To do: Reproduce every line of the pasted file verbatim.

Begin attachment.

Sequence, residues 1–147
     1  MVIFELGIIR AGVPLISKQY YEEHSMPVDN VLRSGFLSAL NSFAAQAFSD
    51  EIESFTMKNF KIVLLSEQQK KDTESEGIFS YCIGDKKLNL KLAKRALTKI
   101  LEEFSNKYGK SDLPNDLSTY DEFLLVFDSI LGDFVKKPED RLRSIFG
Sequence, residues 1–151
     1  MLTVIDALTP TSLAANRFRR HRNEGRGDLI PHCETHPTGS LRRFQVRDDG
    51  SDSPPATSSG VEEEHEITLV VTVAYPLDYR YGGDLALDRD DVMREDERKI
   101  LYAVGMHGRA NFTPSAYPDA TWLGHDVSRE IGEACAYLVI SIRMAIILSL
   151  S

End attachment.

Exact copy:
Sequence, residues 1–147
     1  MVIFELGIIR AGVPLISKQY YEEHSMPVDN VLRSGFLSAL NSFAAQAFSD
    51  EIESFTMKNF KIVLLSEQQK KDTESEGIFS YCIGDKKLNL KLAKRALTKI
   101  LEEFSNKYGK SDLPNDLSTY DEFLLVFDSI LGDFVKKPED RLRSIFG
Sequence, residues 1–151
     1  MLTVIDALTP TSLAANRFRR HRNEGRGDLI PHCETHPTGS LRRFQVRDDG
    51  SDSPPATSSG VEEEHEITLV VTVAYPLDYR YGGDLALDRD DVMREDERKI
   101  LYAVGMHGRA NFTPSAYPDA TWLGHDVSRE IGEACAYLVI SIRMAIILSL
   151  S